Hundreds of students at Kyambogo University may not graduate this month, after reports emerged that they were awarded dubious marks.
The university is currently investigating the award of marks, days to the December 20-21 graduation ceremonies. Although Kyambogo University Spokesperson Lawrence Madete initially told The Observer last week that the graduation would go on as scheduled, The Observer can reveal that not all is well.
The investigation that stumbled on this scandal started with a probe into allegations that 13 students had been wrongly awarded marks by Dr Ali Baguwemu, a lecturer in the department of Psychology. On November 9, 2012, the university senate found that Baguwemu awarded marks to students who had either withdrawn from the programme or were absent in all other course units.
They got marks for Baguwemu's paper, PS323: Guidance and Counselling for their third year, second semester. This particular examination was done on May 19, 2012. Although these students had marks for this paper, the exam attendance list showed they were absent for the examination.
The probe found the problem stretched to the faculties of Science, Arts and Social Sciences and the school of Management and Entrepreneurship. The Observer has seen a letter, dated November 29, 2012, from the office of the dean of the faculty of Education to the Academic Registrar, indicating that more than 1,000 students could be affected.
"We look forward to more advice from senate as the matter could easily involve more than 1,000 students who completed their studies in June and are awaiting graduation in December 2012," wrote Dr J. Kaheeru-Katigo, the acting Education dean.
Kaheeru added: "Since the last meeting of the senate on November 26, 2012, the dean of faculty of Science has also submitted more names of students whom the department of Psychology is still investigating."
Separately, the school of Management and Entrepreneurship has been investigating the authenticity of the marks awarded to students in the controversial paper.
Two lecturers, Dr Regis Zombeire and Freddie Ntege, who probed the matter, unearthed more anomalies in their December 3, 2012 report. These ranged from wrong computation of marks for some students (four students) to a student who was given marks but whose examination script and coursework couldn't be traced. Nine students, whose scripts couldn't be accounted for, had full marks. And four others had their registration numbers interchanged.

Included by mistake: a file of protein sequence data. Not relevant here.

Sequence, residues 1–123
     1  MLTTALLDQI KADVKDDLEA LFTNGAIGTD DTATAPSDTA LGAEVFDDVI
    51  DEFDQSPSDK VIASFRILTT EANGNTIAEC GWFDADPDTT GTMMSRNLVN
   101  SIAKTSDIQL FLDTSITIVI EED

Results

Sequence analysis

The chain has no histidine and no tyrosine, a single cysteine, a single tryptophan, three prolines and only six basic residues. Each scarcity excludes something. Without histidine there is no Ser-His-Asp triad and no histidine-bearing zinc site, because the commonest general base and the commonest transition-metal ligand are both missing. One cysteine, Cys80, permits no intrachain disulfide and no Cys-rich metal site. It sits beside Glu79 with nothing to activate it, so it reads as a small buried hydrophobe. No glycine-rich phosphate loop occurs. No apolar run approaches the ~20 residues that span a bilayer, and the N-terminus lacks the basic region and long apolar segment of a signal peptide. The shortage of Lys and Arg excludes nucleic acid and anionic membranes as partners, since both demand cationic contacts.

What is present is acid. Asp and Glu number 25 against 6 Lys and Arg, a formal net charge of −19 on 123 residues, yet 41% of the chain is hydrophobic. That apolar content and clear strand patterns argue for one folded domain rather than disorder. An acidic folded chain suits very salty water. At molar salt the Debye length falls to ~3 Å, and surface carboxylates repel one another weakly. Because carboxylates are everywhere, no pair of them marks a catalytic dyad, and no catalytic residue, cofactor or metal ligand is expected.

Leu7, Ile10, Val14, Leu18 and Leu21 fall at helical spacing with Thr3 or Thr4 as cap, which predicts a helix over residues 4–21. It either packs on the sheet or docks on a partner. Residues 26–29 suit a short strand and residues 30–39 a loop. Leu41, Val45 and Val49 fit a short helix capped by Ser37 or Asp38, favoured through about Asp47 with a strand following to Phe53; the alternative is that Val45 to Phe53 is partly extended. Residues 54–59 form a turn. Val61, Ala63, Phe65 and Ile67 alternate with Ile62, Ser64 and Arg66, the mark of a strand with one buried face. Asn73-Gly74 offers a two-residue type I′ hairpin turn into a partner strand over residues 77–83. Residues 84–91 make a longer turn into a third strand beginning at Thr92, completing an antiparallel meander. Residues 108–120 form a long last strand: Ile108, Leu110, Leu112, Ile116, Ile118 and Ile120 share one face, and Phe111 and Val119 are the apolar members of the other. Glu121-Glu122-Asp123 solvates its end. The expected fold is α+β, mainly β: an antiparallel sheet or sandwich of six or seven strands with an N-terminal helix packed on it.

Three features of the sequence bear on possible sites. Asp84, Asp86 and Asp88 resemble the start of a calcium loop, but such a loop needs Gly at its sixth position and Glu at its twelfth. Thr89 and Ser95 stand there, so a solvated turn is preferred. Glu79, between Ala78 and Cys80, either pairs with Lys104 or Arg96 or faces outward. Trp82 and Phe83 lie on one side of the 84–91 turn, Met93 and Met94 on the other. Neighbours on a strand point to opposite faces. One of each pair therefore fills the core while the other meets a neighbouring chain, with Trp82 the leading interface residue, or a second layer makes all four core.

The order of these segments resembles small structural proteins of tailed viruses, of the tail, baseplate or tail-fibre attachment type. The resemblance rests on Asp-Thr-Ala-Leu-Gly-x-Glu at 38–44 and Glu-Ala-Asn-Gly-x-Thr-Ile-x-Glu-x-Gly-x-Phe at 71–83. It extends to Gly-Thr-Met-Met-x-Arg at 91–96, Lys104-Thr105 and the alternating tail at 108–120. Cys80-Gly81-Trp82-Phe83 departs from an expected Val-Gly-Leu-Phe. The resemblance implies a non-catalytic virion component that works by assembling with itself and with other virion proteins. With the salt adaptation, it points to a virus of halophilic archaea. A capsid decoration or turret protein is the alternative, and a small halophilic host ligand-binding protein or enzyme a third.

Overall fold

Initial investigations indicated Dr Ali Baguwemu had awarded marks to 13 students who had left the programme. The Observer has seen a memo dated November 20, 2012 by Santo S. Auma-Okumu, the acting head of the Psychology department, asking Dr Baguwemu to urgently avail information including actual scripts of some students who allegedly sat for PS 323.
"It has emerged that these candidates never presented themselves for the paper yet you went ahead and awarded them marks. This is a very serious matter which plunges the image of the department, the faculty of Education and the university in a (quagmire) of problems."
Okumu directed Baguwemu to hand over all the answer envelopes containing booklets for PS 323 and marking guides.
"Any failure to abide by this request may lead to reporting to the security department and the OC Police, Kyambogo University to assist in retrieving the envelopes from wherever they are being kept."
On December 4, 2012 Dr Baguwemu wrote to the academic registrar, saying he lost the two envelopes containing 100 scripts when his car was broken into.
"Owing to the sensitivity of the issue, I had kept this as top secret. However , I had confided in a few of my colleagues in the department and I have informally done the same with you since the start of the investigation."
Another letter, dated November 18, 2012 by Cyprian Ben Apuda, the dean of faculty of Arts and Social Sciences, to Okumu affirms that Baguwemu 'marked', 'graded' and submitted the results to the faculty.
Apuda lists 14 students with questionable marks. The list shows the students got between 60% and 69% in this controversial examination. Most of the students had no marks for any other subject except PS 323. Others had either no marks or partial marks for the previous semester and had no marks at all for the second semester except PS323.
The memo indicates that university records show that seven of the students who had been given marks had withdrawn from the course.
Under - fire lecturer speaks
Dr Baguwemu wrote to the Academic Registrar on December 4 and said, "It's not true that the couse: in reference was not marked. The fact is that the course was dully examined by both coursework and examination, and marks recorded. The marked scripts that I submitted to your office following your directive are a proof of this fact."
On claims that he had given marks to students who had withdrawn from the course, he said: "It was indeed true that a number of students who had not attended the course examination had mistakenly been awarded marks."
"I profoundly regret the error and sincerely apologise to the management of the university."
He says the error could have arisen as he entered student results from the course. Baguwemu says he used a student list from the previous semester for PS 311 (Research Methods) which he also teaches.
"Most likely during the process of entering the marks [copying and pasting] the students who were not meant to receive marks and should have been deleted ended up also getting results. I have now identified the students' names and deleted them from the list with me."
Baguwemu also reveals that in the reexamination of the scripts, it was established that 13 students had one number (question five) not marked.
"This again was brought to my attention and I dully marked those scripts. The results of affected candidates' have been recorded."